IDEA now autodetects two Android frameworks. Correctly, for a change.
After pushing finish, the project should load. You will most likely now get a warning about having C/C++ code outside of source roots. This is because the autodection wizard we just went through is not sufficiently magical to get everything correct, and it doesn’t let us manually configure our source roots and suchlike. We’re about to fix these problems, at least to some extent, shortly.
Choose “Cancel” from the dialog. The autodetection it attempts to do if you select yes is entirely unhelpful. You will need to manually configure the C++ module later on.
You should now be presented with a promising looking project-is-loaded screen:
Resist the urge to open files and start doing things. IDEA’s default configuration is a bit… overzealous. It starts optimising imports and the like the moment you touch a file – a sure fire way to annoy your patch reviewers. By default, IDEA likes to conglomerate imports from the same package into a single, tidier, import somepackage.* line. Go to file -> Settings. Under Project Settings, go to Code Style -> Java. Select the imports tab, and set it somewhat like this:
You now have an existent, but extremely broke IntelliJ project for Fennec. Much reconfiguration is needed.
Unbreaking the Configuration
If you now proceed to open up one of the Java source files, it becomes immediately obvious that we’re not done yet. Before starting with the next step, open up a terminal and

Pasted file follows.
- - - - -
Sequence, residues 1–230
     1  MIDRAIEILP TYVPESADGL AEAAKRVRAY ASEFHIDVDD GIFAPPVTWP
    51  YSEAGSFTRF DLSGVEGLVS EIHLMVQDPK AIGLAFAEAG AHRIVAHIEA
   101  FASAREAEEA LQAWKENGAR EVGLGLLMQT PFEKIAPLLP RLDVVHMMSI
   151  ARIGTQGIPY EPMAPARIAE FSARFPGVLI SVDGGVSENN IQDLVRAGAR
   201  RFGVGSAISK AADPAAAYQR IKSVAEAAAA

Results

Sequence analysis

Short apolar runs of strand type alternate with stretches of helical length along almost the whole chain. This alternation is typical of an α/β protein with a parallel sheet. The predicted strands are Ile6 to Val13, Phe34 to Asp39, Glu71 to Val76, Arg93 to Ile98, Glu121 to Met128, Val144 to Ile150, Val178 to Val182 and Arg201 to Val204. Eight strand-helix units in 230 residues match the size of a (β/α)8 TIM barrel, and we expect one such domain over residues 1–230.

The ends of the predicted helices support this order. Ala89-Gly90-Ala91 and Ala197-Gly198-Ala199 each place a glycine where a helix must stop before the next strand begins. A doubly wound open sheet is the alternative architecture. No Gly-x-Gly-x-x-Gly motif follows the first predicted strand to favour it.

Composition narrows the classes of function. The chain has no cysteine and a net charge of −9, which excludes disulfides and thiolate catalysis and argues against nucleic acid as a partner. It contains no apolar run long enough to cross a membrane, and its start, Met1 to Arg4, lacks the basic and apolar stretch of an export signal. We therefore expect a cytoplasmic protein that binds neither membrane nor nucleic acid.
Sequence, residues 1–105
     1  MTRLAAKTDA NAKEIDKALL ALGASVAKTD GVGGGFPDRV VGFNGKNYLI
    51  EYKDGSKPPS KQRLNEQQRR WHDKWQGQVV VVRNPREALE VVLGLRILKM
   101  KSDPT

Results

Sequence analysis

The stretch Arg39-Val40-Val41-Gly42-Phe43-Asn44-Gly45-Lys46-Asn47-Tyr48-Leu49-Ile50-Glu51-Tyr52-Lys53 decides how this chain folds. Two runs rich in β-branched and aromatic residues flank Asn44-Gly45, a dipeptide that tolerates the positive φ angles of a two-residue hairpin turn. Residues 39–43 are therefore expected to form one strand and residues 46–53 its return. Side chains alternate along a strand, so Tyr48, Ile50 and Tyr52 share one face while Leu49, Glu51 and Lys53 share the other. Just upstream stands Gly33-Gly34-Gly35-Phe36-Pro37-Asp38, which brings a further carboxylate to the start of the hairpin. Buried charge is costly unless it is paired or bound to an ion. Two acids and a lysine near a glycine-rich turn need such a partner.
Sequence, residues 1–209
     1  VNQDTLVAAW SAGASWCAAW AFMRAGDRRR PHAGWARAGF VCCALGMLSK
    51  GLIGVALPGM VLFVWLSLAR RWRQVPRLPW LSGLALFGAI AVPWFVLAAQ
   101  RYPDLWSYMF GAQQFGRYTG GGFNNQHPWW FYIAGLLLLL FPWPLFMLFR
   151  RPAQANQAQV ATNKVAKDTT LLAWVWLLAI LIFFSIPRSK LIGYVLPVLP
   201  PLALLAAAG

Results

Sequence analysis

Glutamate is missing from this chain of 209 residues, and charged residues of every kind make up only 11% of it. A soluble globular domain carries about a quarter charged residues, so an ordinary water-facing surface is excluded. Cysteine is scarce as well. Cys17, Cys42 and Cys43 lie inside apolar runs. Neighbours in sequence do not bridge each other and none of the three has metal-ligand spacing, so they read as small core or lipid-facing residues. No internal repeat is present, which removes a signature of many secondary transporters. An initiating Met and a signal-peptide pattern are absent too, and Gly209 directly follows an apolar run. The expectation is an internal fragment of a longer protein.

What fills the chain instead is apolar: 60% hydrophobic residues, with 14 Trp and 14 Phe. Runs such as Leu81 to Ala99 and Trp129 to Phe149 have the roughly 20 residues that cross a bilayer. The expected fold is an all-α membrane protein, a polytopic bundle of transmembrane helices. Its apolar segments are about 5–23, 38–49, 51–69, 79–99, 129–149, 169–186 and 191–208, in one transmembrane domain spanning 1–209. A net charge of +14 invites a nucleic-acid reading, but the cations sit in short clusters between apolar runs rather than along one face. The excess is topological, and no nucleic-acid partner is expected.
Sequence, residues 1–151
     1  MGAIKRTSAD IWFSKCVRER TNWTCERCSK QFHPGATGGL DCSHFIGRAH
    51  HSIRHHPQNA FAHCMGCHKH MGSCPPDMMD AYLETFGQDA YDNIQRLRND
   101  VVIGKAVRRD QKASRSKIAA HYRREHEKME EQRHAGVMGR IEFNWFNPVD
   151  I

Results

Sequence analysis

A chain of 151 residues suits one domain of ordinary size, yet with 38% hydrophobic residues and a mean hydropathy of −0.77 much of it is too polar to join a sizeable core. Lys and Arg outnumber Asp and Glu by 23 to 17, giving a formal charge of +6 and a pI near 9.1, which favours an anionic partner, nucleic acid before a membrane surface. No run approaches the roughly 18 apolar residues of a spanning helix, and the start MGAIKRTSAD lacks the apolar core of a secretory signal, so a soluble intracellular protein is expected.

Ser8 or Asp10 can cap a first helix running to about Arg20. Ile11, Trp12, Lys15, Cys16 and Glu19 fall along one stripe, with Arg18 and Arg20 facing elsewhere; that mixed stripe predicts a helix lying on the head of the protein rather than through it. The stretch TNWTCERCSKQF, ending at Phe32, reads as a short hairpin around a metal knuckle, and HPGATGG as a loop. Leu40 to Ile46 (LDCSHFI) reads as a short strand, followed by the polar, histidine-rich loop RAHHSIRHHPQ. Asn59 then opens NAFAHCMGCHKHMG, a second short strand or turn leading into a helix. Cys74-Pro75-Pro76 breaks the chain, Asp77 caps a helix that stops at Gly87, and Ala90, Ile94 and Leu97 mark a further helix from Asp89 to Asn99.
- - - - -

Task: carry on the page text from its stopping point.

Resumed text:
get mach building the project for you now (We’ll be needing the contents of the objdir in a minute)
Then, navigate to tools -> Project Structure
If Fennec has moved to Java 1.7 yet, change the language level to 7 and rejoice in not having to use so many redundant types in your diamonds.
Go to the modules tab – at the moment IDEA is unable to find a number of things that are required by the project, so it ends up painting all your code in unhappy shades of red.
We are initially interested in the unimaginatively named “android” module, which is the one which has autodetected the main bulk of Fennec.
For the purposes of this post, I’ve renamed it to “GeckoApp”.
The UI here is sort of odd. You select directories from the tree on the right and then use the buttons above the tree to mark them as either source directories, test source directories,
or excluded (Don’t analyse the content of this directory).
Mark the tests directory as containing test sources.
IntelliJ does not automatically correctly register the android support libraries. Go to the Libraries tab, click add, and navigate to extras/android/support/v4/android-support-v4.jar within your android SDK root. Add the library to the GeckoApp module. Upon hitting apply a satisfyingly large amount of the redness should disappear from the code.
Now add additional libraries for the directories platforms/android-X, for 8 <= X <= 16. Have fun with that. When complete you should be looking roughly like: